- The main part of the composition is considered easier to write due to only one reason: these three paragraphs have a similar structure. It should be as follows:
- The topic sentence to show the aspect in which subjects are similar or different;
- Subject 1 and its details related to the chosen aspect;
- Subject 2 and its details related to the same aspect.
Details are necessary to point out the differences between two subjects in a good manner.
- It is the final part of your essay containing the following points:
- Brief summary and its connection with the thesis statement given at the beginning;
- Evaluation of this comparison;
- Estimate of significance of comparing these things.
The conclusion should have a logical connection with the essay’s introduction. Otherwise, the work’s coherence will be flawed.
Follow these simple recommendations about the structure of compare and contrast texts, and its writing will never seem a challenge again.
Topics for Compare and Contrast Essays
Everybody knows that each written assignment starts from choosing a topic, and compare and contrast essay is not an exception. However, sometimes it can be very difficult to choose appropriate topic quickly. Therefore, we would like to present our collection of the best compare and contrast essay topics for all occasions. Choose your favorite one and enjoy!
Topics for College Students
- College vs. Higher education.
- Online courses vs. Traditional classes.
- Education vs. Work experience.
- Students vs. Professors.
- Private schools vs. Public Education.
- E-books vs. Printed publications.
- Large universities vs. Small ones.
- Academic journals vs. Gray literature.
- Printed works vs. Handwritten texts.
- Bachelors vs. Masters.
Good Compare and Contrast Essay Topics
- Montagues vs. Capulets.
- Hitler vs. Stalin.
- Obama vs. Putin.
- The United States of America vs. the USSR.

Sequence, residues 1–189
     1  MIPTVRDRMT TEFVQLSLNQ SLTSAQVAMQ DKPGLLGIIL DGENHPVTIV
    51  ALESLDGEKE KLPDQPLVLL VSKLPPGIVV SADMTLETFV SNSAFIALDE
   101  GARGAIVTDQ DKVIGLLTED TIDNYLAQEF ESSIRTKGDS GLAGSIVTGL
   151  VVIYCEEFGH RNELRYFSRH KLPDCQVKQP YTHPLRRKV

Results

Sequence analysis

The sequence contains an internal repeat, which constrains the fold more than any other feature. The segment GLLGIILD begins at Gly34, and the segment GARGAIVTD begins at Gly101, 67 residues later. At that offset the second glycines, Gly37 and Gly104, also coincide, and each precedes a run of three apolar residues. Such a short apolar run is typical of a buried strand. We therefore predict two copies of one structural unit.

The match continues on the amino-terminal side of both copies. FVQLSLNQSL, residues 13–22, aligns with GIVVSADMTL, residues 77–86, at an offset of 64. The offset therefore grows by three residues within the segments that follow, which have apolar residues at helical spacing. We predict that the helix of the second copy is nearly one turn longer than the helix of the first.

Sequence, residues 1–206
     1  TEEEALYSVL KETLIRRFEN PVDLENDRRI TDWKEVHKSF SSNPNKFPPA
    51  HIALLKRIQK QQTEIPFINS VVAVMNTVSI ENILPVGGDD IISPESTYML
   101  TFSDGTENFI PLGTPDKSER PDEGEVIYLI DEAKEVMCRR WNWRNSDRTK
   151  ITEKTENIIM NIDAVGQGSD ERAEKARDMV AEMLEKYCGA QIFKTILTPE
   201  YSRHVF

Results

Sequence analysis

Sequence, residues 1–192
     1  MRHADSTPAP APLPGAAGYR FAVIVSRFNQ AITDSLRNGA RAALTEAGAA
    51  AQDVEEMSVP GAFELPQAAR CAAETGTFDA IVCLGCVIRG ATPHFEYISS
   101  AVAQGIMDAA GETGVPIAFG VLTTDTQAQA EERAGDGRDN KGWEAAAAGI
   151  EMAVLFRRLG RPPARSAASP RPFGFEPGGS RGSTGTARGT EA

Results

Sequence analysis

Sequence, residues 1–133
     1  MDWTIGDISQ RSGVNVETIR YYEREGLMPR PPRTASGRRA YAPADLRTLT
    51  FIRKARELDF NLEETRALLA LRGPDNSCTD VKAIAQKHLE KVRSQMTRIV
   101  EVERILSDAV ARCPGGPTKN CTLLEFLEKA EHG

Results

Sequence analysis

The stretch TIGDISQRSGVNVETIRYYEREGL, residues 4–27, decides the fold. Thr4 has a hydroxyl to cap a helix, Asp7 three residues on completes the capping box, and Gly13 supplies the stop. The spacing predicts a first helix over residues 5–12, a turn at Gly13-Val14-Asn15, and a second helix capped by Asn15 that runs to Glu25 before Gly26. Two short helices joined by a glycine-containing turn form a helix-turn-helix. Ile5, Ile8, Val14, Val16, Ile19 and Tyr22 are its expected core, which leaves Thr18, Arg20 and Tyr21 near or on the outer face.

- Natural beauty vs. Plastic surgery.
- Middle ages vs. Modern History.
- Cars vs. Buses.
- America vs. Europe.
- Terrorism vs. Law.
- Electric light vs. Fire.
Easy Topics for Compare and Contrast Essays
- Children vs. Their parents.
- School vs. University.
- Printed books vs. The Internet.
- Rich vs. Poor.
- Religion vs. Atheism.
- Travelers vs. Homebodies.
- Trains vs. Planes.
- The Bible vs. Quran.
- Colonists vs. Native Americans.
- TV vs. Books.
Interesting Compare and Contrast Essay Topics
- Vegetarian diet vs. Fast food.
- Fast food vs. Healthy eating.
- Alcohol vs. Soft drinks.
- Microsoft vs. Linux.
- McDonald’s vs. Burger King.
- “The Twilight” vs. “Dracula.”
- Pop music vs. Rock stars.
- Rap vs. Classic music.
- World War II vs. Vietnam War.
- East world vs. West culture.
Funny Topics for Compare and Contrast Essays
- Batman vs. Superman.
- Men vs. Women.
- Blondes vs. Brunettes.
- The Avengers vs. the Justice League.
- The X-men vs. Suicide Squad.
- Batman vs. Joker.
- Harry Potter vs. Lord Voldemort.
- Teenagers vs. Adults.
- Apple vs. Android.
- Stereotypes vs. Free-thinking.
By choosing one of these topics, you will be able to compose an excellent piece of text with valuable, informed, and evidence-supported comparison of two objects (events, characters, etc.). Therefore, you will not have a terrible headache anymore while creating a nice topic. Relax!